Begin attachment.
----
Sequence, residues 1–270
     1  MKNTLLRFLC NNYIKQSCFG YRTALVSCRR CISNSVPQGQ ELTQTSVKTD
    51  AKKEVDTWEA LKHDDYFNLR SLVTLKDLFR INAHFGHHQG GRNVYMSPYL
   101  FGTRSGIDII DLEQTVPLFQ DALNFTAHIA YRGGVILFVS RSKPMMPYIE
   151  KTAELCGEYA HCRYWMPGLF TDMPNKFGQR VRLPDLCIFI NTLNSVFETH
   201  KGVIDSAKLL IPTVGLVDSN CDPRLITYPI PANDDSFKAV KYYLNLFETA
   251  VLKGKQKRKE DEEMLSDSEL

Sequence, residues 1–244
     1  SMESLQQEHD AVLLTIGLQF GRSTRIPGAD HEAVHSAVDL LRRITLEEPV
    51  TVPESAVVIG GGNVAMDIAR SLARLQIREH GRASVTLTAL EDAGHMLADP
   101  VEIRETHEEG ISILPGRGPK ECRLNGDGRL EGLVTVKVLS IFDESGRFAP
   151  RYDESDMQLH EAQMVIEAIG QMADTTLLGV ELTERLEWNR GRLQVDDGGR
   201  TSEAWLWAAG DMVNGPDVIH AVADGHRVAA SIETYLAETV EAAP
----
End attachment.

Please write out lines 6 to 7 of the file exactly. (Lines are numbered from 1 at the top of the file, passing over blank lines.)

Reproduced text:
   201  KGVIDSAKLL IPTVGLVDSN CDPRLITYPI PANDDSFKAV KYYLNLFETA
   251  VLKGKQKRKE DEEMLSDSEL